Combined Heat and Power – Round 2 Lessons Learned

 

This article is the second in a series focusing on the advantages of CHP installations. The two primary reasons for interest in CHP – Combined Heat and Power also know as COGEN - is utility cost savings (cost reductions for both electric and hot water production) as well as continuous power in blackout conditions. With the recent series of hurricanes resulting in numerous blackouts, hospitals and other critical facilities with the foresight to install CHP were able to avoid serious or even tragic consequences as a result of their ability to generate their own in-house power. For those critical facilities without adequate emergency backup power, the tragic results were the subject of numerous front page articles. As well, there were many instances of outages that did not make the front pages of any newspapers, but also ended in tragic outcomes in some cases and inconveniences in all cases - all of which could have been avoided with a reliable CHP installation. 
The primary advantage of a CHP installation for backup power over an emergency generator is cost savings. The savings are the result of a lower overall cost for operating the in house CHP installation as compared to the cost of the monthly utility electric bills or if there is a backup generator, the combined cost of the electric utility bills and the cost of maintaining the emergency generator. It is important, however, to note that a CHP installation does not automatically result in a lower cost. The lower cost potential from a CHP installation comes from the heat by-product of a CHP installation. If the heat by-product can be utilized for hot water production, then the cost advantage kicks in. If the heat byproduct cannot be utilized, then the cost advantage is lost. That is why hospitals, nursing homes and residential facilities are good candidates for a CHP installation because of their 24/7 requirement for hot water. Commercial facilities with limited requirements for hot water often do not achieve the energy cost savings levels to justify the cost of a CHP installation.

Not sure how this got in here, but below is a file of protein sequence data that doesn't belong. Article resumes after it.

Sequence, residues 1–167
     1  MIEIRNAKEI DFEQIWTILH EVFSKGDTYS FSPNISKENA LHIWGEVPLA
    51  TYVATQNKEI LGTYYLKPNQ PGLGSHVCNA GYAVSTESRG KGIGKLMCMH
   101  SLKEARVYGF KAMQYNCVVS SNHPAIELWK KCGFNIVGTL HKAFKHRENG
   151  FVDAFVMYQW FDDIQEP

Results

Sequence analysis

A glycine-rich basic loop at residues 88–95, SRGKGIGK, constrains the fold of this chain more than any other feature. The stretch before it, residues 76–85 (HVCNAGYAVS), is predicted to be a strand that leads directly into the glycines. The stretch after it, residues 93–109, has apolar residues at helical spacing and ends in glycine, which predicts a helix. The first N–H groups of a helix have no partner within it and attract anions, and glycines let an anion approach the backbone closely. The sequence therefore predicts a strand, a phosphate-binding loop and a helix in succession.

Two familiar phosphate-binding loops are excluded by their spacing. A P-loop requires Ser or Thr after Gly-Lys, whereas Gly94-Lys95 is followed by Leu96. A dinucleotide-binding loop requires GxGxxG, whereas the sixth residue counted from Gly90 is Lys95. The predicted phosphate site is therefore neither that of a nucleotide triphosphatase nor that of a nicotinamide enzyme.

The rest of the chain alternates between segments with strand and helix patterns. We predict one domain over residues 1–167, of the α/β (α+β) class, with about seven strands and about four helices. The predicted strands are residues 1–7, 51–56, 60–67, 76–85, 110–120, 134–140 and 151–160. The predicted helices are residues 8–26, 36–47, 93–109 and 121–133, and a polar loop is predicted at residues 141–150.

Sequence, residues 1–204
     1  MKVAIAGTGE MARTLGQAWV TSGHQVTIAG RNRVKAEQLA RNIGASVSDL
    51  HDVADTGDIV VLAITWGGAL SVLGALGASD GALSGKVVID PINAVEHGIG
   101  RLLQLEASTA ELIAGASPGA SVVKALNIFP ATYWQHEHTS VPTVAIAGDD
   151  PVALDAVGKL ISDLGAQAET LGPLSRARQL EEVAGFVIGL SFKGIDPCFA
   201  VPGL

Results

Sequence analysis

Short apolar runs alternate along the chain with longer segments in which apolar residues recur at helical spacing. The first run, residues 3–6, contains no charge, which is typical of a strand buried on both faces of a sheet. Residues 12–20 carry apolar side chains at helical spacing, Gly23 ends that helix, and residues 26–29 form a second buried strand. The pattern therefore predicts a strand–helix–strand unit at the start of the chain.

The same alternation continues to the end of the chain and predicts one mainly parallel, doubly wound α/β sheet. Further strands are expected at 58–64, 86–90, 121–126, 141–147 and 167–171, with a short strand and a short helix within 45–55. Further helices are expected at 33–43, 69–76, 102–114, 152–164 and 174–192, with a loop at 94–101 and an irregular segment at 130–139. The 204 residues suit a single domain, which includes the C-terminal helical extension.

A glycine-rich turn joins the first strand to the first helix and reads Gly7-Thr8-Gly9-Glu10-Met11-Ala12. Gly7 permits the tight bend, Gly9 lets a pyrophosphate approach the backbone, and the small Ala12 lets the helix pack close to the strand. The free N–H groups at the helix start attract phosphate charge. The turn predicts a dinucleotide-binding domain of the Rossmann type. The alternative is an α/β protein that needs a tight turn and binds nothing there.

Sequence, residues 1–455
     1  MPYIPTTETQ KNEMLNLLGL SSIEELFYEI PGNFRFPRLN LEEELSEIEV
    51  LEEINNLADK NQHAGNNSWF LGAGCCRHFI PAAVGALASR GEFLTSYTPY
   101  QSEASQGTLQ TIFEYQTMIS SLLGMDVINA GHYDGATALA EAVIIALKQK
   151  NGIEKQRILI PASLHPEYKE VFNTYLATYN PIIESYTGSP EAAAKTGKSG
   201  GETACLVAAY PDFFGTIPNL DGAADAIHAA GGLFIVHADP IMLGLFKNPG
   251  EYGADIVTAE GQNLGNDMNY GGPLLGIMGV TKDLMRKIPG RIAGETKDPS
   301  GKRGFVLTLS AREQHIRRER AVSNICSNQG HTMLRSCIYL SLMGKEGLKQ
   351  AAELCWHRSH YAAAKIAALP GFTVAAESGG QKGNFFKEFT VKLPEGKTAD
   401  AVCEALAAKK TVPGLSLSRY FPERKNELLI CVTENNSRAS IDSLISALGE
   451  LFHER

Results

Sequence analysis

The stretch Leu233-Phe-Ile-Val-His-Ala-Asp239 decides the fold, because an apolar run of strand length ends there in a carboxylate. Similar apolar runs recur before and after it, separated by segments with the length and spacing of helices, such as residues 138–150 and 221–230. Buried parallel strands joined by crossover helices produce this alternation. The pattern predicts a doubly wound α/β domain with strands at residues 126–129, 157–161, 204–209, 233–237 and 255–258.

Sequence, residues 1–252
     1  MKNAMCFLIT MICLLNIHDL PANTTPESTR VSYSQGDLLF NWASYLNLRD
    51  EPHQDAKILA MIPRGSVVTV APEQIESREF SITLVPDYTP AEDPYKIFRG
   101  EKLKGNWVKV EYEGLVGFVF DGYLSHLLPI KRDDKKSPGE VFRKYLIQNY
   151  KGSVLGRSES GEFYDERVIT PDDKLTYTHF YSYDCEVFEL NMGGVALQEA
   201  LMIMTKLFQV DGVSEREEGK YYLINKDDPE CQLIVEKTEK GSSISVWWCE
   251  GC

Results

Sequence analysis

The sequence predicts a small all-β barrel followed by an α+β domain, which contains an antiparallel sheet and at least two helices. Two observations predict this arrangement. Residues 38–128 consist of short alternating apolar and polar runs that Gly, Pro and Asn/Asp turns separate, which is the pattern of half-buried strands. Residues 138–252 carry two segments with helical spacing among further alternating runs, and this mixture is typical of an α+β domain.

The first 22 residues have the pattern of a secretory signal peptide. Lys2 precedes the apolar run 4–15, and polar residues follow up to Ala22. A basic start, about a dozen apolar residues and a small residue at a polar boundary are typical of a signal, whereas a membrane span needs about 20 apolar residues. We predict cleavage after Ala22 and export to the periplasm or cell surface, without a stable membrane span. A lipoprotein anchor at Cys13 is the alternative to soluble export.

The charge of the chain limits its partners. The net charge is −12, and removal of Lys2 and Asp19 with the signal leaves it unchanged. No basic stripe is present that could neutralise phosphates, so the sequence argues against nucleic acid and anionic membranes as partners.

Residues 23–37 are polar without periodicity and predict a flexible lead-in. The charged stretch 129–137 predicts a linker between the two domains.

A key factor in any successful CHP installation is longevity of operation. On average, it will take between four to five years of continuous operation to accumulate the savings needed to offset the upfront cost of a CHP installation. By accumulated savings, we are referencing the year over year differential between the costs that would have been incurred for electric and hot water production had the CHP not been installed versus the lower costs of the CHP operation.  To make this work, not only do you need to focus on the quality of the equipment, you also need to focus as well on the quality and longevity of the company that stands behind the equipment. When selecting CHP equipment, it is important to understand the structure of the warranty as well as structure of the maintenance program that will keep your CHP installation up and running. There are a number of unhappy endings for CHP customers who purchased their equipment from CHP manufacturers who then went out of business and were therefore unable able to support their CHP installations - leaving their clients high and dry. The solution here is to only deal with CHP manufacturers that have long and successful track records.